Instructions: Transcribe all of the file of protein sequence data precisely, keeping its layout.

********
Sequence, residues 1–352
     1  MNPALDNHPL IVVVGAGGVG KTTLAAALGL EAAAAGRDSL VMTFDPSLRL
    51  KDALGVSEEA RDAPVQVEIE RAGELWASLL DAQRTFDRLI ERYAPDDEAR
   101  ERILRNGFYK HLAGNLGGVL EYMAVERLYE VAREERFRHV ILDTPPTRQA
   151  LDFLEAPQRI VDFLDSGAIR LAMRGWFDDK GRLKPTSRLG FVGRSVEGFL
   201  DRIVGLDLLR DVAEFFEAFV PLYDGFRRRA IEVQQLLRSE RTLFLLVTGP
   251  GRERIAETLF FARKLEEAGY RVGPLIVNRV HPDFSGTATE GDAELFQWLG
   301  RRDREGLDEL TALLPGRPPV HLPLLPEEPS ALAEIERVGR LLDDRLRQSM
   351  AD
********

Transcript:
Sequence, residues 1–352
     1  MNPALDNHPL IVVVGAGGVG KTTLAAALGL EAAAAGRDSL VMTFDPSLRL
    51  KDALGVSEEA RDAPVQVEIE RAGELWASLL DAQRTFDRLI ERYAPDDEAR
   101  ERILRNGFYK HLAGNLGGVL EYMAVERLYE VAREERFRHV ILDTPPTRQA
   151  LDFLEAPQRI VDFLDSGAIR LAMRGWFDDK GRLKPTSRLG FVGRSVEGFL
   201  DRIVGLDLLR DVAEFFEAFV PLYDGFRRRA IEVQQLLRSE RTLFLLVTGP
   251  GRERIAETLF FARKLEEAGY RVGPLIVNRV HPDFSGTATE GDAELFQWLG
   301  RRDREGLDEL TALLPGRPPV HLPLLPEEPS ALAEIERVGR LLDDRLRQSM
   351  AD